It is ironic that the first form of Japanese bondage was actually a way of torture. However, as it frequently happens in human history, activities originated in a very different realm end up becoming a cultural staple on its own. Think, for example, on the phonograph. Edison’s original intention was that it served as a tool for the dictation of business letters. The same happens with rope bondage. Even if it originally was a restraining technique, it has now become a form of art. Shibari’s artistic value is out of the question today.
As in any art, there is a technique that practitioners must learn. In this case, the rope technique, which requires a high proficiency in the creation of knots. As any practitioner will tell you, a more than basic knowledge of human anatomy is necessary, too. And, if you are thinking about trying suspension, add to that a certain knowledge of physics and engineering.
Just like any other art, Shibari scenes express emotions that come from the heart and soul of the performers. You cannot do real Shibari with some dummy. Shibari asks for real people with true emotions. There is, undoubtedly, communication in Shibari. If you see a photograph or, better yet, if you see a live Shibari scene, you will immediately feel emotions coming from it.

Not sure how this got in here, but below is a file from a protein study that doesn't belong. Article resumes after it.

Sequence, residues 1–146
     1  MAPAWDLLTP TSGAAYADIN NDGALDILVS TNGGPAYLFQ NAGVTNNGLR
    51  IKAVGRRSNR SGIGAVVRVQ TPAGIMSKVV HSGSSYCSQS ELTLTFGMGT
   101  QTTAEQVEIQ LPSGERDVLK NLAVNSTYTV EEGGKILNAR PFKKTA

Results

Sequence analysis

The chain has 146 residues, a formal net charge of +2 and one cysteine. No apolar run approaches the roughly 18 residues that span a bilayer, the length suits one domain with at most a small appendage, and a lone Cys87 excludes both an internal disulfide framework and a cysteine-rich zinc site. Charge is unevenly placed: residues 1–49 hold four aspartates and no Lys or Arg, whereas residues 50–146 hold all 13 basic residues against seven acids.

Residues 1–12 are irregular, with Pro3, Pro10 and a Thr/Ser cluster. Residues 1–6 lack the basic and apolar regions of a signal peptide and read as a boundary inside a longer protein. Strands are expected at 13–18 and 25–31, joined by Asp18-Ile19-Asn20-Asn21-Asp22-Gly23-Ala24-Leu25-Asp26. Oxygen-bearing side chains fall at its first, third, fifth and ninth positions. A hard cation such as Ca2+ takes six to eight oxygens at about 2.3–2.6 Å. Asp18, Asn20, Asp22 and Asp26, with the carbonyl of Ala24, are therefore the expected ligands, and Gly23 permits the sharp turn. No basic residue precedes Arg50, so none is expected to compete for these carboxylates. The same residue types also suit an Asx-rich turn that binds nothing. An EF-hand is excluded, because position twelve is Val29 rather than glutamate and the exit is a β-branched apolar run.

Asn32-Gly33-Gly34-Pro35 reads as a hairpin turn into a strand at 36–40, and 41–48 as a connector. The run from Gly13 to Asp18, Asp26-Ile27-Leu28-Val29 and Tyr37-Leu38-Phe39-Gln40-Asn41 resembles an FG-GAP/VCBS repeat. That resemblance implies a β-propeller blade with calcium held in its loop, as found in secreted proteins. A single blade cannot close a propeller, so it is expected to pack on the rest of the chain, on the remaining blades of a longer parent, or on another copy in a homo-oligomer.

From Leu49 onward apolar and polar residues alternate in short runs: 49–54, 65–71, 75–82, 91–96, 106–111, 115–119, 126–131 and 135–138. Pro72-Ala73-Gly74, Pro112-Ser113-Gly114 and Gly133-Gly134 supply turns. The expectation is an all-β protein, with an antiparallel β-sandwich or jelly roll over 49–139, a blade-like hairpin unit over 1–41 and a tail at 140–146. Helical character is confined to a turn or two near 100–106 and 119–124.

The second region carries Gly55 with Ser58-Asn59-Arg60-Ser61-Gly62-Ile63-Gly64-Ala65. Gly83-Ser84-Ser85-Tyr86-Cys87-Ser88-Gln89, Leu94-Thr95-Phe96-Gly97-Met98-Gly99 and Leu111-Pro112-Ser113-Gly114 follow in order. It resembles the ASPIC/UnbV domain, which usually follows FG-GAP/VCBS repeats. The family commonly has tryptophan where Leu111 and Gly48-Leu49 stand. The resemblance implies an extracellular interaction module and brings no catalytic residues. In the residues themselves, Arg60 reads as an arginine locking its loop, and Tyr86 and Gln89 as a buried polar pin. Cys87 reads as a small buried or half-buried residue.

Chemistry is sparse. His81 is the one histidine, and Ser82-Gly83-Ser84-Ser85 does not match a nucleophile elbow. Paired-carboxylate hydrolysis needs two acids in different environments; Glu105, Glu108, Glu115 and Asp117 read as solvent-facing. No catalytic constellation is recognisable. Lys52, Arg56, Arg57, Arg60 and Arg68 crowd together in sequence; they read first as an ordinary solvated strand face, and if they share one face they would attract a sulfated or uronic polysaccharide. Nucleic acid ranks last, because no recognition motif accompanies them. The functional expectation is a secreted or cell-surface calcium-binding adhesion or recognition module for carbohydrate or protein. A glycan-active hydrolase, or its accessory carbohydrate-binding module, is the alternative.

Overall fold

Just as dance is the art of motion, Shibari is the art of stillness. And just as any musician will tell you that silence is an essential part of music, anyone can recognize that restraint and stillness are as artistic as movement and dance.
All major arts have a tradition, and Shibari is no exception. From medieval Japan to postwar magazines, and from pink cinema to the BDSM community, there is a long tradition of rope bondage as an artistic form. So, when you see a Shibari scene or, better yet, when you participate in one, acknowledge the fact that you are part of an ancient practice. Shibari’s artistic value has been proven.